Have you noticed how they get all defensive about polygamy? It’s like, “It’s my god-given right! How dare you snatch it away, astagufirullah!”

    On on this site- Ummah forums (Warning: Biased website), there was this dirty guy who admitted that his reasons for considering a poly marriage was both of his sexual needs (variety of women) and having a lot of children (20) through poly marriages. Urghhhh. Disgusting man.

    And there was this lady who posted for a second wife to her husband recently, most of the commenters were like “MASHALLAH! May other sisters think like you! Ameen!”

    I was physically disgusted to read anymore.

    I ran for the hillz. LOL

    The subject makes me really angry.

    I agree with everything you’ve written here regarding polygamy. I get infuriated and feel like giving a good kick to the face to those so called men (imams/sheikhs/mullahs or whatever they like to call themselves these days). All of them are fake-arse frauds anyway. It’s usually those men who try and preach how polygamy is a command of Allah and even some stupid women who don’t even know their elbow to their a** become misogynistic towards the smart women who disagree with polygamy.
    And what really p*sses me off is that they say “Astagufirullah” or “Alhamdulila” alot in their bloody speech as if they’re some kind of saint when they just look like they don’t even know what they’re talking about.


  10. Hina

    So this is a way to help women in poverty but what about the men in poverty? Why not allow wealthy women to marry more than one man to help pull them out of poverty.
    Also here’s another idea, why not create an egalitarian society where women aren’t dependent on men for financial security? That is a much better way to help the status of women which will apply.
    Also this verse from the quran seems to go against the whole, don’t take another wife if your first wife disapproves, “O Prophet! Why do you ban (for yourself) that which Allâh has made lawful to you, seeking to please your wives? And Allâh is Oft-Forgiving, Most Merciful. Allâh has already ordained for you (O men), the dissolution of your oaths. And Allâh is your Maula (Protector.) and He is the All-Knower, the All-Wise”. (Q.66:1-5)”


      1. Hina

        From what I’ve read and heard, it seems that two possible incidents are the cause of this verse. One involved an affair with a slave woman Maria and the other involved honey. Surat Tahrim, where this verse is mentioned also contains more commands directed towards the prophet’s wives and what is expected of a righteous woman and more on how important it is to follow and believe in the prophet.

        I do remember the honey story which was a way to teach people to not be hypocrites.


  11. Sister

    It doesn’t shock me that you have excluded my comments from publication. Its hypocritical for someone who believes in freedom of speech


    1. Chill out dude. I have a life and I can’t review comments the VERY SECOND they are submitted. I check this space once a day, and even less frequently at the moment. You submitted your series of ESSAYS only a few hours ago, and left THIS comment only 2 hours after that. (Seriously? You can’t wait 2 hours?) And I am seeing them all now.

      But okay, fine, I won’t publish them. Just because of this comment. And because you can’t tell me what I am. Also, get a blog. In the meantime learn what freedom of speech means. Hint: It doesn’t mean I have to PROVIDE you with space to practice it. If you insist on writing a three-part piece about how we’re all jealous, be a big girl and get your own.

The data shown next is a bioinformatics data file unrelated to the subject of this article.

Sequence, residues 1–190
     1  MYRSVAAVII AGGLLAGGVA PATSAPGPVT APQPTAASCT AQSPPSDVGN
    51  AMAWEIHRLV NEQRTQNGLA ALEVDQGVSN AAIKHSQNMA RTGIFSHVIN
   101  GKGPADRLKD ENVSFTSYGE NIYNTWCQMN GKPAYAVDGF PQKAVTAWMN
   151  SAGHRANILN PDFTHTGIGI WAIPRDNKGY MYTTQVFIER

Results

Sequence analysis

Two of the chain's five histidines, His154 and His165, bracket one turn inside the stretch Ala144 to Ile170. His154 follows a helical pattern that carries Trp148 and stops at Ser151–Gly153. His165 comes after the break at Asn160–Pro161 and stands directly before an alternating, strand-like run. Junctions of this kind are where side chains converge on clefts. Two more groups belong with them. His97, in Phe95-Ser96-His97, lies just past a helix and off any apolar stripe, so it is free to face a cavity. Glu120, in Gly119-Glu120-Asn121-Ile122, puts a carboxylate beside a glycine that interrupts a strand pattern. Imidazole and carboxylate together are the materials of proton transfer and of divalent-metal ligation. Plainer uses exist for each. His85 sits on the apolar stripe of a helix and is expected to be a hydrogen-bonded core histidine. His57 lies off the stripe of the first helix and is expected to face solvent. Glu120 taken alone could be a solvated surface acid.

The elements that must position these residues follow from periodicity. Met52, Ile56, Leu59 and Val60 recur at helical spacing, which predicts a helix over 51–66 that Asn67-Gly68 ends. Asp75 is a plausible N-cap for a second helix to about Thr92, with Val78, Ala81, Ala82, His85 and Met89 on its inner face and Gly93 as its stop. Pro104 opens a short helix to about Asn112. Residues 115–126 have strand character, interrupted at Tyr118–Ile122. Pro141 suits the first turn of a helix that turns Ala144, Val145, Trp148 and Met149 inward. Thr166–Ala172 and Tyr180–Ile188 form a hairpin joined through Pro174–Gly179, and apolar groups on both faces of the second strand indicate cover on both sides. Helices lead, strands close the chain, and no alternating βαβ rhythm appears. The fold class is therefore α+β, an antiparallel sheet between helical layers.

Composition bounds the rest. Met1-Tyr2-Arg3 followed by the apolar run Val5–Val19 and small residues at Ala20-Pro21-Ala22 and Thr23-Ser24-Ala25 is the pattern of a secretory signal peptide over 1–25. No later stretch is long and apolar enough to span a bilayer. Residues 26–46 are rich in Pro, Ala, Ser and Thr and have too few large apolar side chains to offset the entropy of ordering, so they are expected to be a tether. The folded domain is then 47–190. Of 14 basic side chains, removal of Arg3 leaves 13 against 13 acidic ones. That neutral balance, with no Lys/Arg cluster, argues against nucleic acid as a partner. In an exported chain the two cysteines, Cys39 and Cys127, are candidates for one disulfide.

And I wouldn’t recommend talking about the big bad West seeing as you’re posting from Australia.


      1. Sister

        Australia and the West allows you to keep multiple girlfriends and a mistress with a wife at home, yet ban publicised and fair polygamy where the husband is just.


    1. Yup.

      I’m only posting that one about Australia and the West.

      Seriously, get a blog. And go away. You’re not entitled to any space you want under the guise of “free speech.” I don’t have to provide it for you.


      1. Sister

        Sorry Nahida dear, but this is our deen. We must submit to Allah as he knows what is best for us. A muslim means one who submits to Allah.


  12. Thijs

    @sister First of all, this has nothing to do with freedom of speech. you can only ever pull the freedom of speech card on a government. I think it’s safe to assume Nahida isn’t part of the government. an example: say i publish a book about, uehm i don’t know how to boil children or something…IF the government bans my book, my freedom of speech got attacked. However, if they don’t ban it but you can’t find it in any bookshop, because the bookshops find it distaseful, my right hasn’t been attacked. The bookshops are free to allow what they want in their shop. Likewise Nahida is free to allow what she want on her blog. It’s just basic human interaction, you don’t just barge into somebody’s household and tell them what to do or how to do things better. And you definitely don’t cry freedom of speech if they kick you out, because you know it would not make sense. this is exactly the same thing here.

    That being said, In america, adultery is still illegal in most states. It’s hardly followed, but illegal nonetheless. most states consider it a civil matter and not a crime one so state governments generally don’t meddle with it. you’re right though, it’s legal in europe.

    not that it even matters if it’s illegal or not, adultery and twotiming as heavily frowned upon social wise. There’s a huge social stigma attached to having cheated and most people will get cut from their social group when it’s discovered. it’s the same in non western countries (newsflash: *gasp* in all countries from whatever race or religions, people cheat) Seriously, you’re quite delusional if you think that A) religion/race stops humans from having sex with people outside of their current relationship to somebody else. B) it only happens in the west.